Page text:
I thought. I thought, wow, could we move away from Indica and Sativa and start to use these categories? It hasn't seemed to catch on as I had hoped, because I do think it was very innovative, but it also is maybe too complicated for consumers to understand. And that's what we're really rubbing up against. Is that THC is so understandable and all these things are just a lot harder for people to wrap their head around.Speaker 3:
Yeah, and that's why we try to kind of map them to the different categories that people see, you know, people know the fuels, people know what we, or at least can kind of guess what we mean by the desserts. It's the sweet kind of birthday cake, you know, skittles, those kind of strains where they're the sweet and flavorful, and so it'll take time. You know, this doesn't happen overnight. We're looking at a pretty big partnership with one of the big online platforms when we can promote it and and I'll just give a plug to you know, and like I said, most of our retail outlets, dispensaries, aren't doing a great job yet. They need, they need educated bud tenders. That's where that ganjie program comes and I was actually one of the original ganjies and I think it's, I think it's, you know it's a great idea is just bud tenders need, need to, you know, kind of understand the stuff first so they can relate to people. But also the dispensaries need to do a better job getting that information to their consumers. And if there's one dispensary I've seen that that just nails it, it's, it's no, no, no kind of, you know, no, no stake in the company. But I'll plug them anyways. Mercy wellness up in, up in Santa Rosa Is does a great job. They, they, you walk in there and all of their flowers are categorized by dominant terpene or by in terpene category, I think now. And so, rather than see Indica sativa hybrid, you're gonna see here's all our pinings, here's all of our mercies and in in that, you know that is really powerful and I think you know their consumers. If you, if you ask them, they probably get it. You know, get it right away. And and that way, you know, a consumer can walk in and if no, if they like something and it's not available anymore but they knew it was a tropinoline dominant strain, they can go to the tropinoline section and they're gonna like whatever's in there because it's gonna be very similar.Speaker 2:
So that's that's an awesome step. And like consumer education because it forces the conversation, because if they aren't educated on what a terpene is, or or how to categorize, like, then they'll ask and then you know. I Just love that. It's like this, like passive forcing of a, of a, of a education, very cool, using the wine concept that you've been using of.Speaker 1:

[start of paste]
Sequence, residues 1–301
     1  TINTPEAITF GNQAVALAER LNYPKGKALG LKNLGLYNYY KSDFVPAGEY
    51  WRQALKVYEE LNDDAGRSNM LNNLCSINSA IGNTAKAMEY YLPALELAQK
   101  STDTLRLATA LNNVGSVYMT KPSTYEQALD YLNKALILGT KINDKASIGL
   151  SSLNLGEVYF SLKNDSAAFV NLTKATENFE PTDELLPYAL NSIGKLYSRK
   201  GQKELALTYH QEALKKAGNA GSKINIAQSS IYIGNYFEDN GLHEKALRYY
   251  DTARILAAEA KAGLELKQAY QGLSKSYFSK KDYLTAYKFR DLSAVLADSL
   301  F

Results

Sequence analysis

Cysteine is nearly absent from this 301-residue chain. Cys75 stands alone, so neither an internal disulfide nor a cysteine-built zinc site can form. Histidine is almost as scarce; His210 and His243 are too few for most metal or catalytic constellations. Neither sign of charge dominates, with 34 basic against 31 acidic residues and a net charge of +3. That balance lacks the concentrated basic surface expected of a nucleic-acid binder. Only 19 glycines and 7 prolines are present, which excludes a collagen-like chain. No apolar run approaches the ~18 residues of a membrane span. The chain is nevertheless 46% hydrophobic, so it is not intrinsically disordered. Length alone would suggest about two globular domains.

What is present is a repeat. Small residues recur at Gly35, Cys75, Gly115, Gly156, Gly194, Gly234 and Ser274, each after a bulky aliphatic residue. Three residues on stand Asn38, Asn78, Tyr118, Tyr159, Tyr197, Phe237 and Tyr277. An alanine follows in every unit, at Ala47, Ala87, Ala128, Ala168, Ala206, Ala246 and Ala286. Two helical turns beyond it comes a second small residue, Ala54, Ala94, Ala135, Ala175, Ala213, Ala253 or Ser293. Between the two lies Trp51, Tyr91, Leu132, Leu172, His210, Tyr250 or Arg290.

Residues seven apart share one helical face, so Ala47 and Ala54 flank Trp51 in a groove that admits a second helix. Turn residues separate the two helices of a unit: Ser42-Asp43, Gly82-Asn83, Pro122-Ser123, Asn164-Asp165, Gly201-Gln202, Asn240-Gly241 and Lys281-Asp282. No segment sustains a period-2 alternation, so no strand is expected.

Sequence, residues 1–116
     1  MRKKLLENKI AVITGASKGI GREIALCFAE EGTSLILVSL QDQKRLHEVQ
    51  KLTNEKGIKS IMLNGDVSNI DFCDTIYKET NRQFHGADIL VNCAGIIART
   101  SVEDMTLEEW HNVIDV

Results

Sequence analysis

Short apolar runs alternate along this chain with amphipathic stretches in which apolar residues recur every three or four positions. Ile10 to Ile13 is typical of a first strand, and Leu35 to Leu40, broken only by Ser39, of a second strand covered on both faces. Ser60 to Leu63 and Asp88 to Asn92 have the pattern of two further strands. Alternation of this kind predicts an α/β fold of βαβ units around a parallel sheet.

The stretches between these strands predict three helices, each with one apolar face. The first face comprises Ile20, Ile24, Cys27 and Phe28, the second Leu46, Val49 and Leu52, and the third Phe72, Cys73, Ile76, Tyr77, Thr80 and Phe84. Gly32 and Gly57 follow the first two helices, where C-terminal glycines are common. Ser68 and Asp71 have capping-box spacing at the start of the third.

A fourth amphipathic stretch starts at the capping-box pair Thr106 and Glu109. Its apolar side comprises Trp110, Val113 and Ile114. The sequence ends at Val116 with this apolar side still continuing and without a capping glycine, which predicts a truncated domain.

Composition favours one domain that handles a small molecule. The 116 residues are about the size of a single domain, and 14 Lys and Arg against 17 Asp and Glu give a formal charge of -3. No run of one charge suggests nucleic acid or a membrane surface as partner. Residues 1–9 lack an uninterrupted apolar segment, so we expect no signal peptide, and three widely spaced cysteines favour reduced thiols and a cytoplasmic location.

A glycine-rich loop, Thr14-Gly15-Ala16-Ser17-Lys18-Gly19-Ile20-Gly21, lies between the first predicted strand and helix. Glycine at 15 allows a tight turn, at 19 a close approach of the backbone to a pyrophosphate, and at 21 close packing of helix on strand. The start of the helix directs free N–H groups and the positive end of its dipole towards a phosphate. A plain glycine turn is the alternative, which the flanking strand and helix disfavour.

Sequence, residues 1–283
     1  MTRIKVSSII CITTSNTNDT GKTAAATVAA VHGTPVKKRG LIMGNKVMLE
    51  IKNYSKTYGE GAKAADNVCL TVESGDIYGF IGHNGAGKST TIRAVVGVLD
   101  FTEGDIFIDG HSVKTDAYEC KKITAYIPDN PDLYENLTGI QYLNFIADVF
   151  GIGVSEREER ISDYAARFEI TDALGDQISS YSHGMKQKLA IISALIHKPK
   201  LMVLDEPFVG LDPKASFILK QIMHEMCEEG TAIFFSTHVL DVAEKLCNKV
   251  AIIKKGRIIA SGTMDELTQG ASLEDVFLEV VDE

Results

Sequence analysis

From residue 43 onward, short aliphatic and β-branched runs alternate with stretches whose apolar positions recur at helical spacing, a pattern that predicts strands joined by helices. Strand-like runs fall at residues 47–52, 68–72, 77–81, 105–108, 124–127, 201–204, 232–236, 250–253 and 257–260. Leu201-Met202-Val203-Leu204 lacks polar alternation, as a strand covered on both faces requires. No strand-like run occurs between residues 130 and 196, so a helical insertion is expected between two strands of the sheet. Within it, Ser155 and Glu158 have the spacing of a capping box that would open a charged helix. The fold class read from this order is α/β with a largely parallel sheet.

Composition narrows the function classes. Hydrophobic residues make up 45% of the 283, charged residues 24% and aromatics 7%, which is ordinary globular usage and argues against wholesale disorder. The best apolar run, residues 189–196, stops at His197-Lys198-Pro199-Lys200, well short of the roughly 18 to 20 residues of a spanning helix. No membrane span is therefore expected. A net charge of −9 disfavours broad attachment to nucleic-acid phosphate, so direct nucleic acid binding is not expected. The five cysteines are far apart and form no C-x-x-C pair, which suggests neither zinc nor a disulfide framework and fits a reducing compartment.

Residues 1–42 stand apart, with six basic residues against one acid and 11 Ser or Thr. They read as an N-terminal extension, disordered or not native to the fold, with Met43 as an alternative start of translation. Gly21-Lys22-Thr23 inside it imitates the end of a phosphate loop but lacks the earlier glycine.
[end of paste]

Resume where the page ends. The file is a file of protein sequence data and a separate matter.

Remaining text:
When I go to the grocery store and I'm looking at wines, they're usually organized by all those infind dolls are in one column and then all the cabs are next to it and the merlot, and so if you were doing that with terpenes, it could be simpler. So, yeah, I love that idea. Retailers steal that.Speaker 3:
And it encourages the consumer to kind of branch out. So like when I go into the dispensary, even me, I, you know, I only recognize maybe a third or a half of the strain names and and so I'm just gonna stick with what I know, because I, you know I don't want to, or mostly because I know I will like it, and if I, you know, I would, I know, from a strange name, strain name I don't understand, but if, if I know, I like this class same thing with wines you walk in. I know I like Cabernet, so now I'm gonna go through that whole Cabernet section and try, try new ones all the time because I knew it, it's relatively safe, I'm not gonna hate it.Speaker 2:
It's funny because I my mind immediately went to like oh, that creates challenges for for merchandising because, like you know, brands look like really good when they have all their products in one place. But to to to the point is like a wine wine faces. This as well Is like if you're, if you're looking at a J Laura in one section, like you'll go to another and there'll be another J Laura in another section. Really interesting. I know we're running tight on time, but there's one topic that I kind of wanted to jump into and make sure that we covered before, before we checked out here, and and this is around like, what are states doing Proactively to kind of get testing more in line or more Accurate, I guess? And then, what are the some of the different methods that that we're seeing in the market?Speaker 3: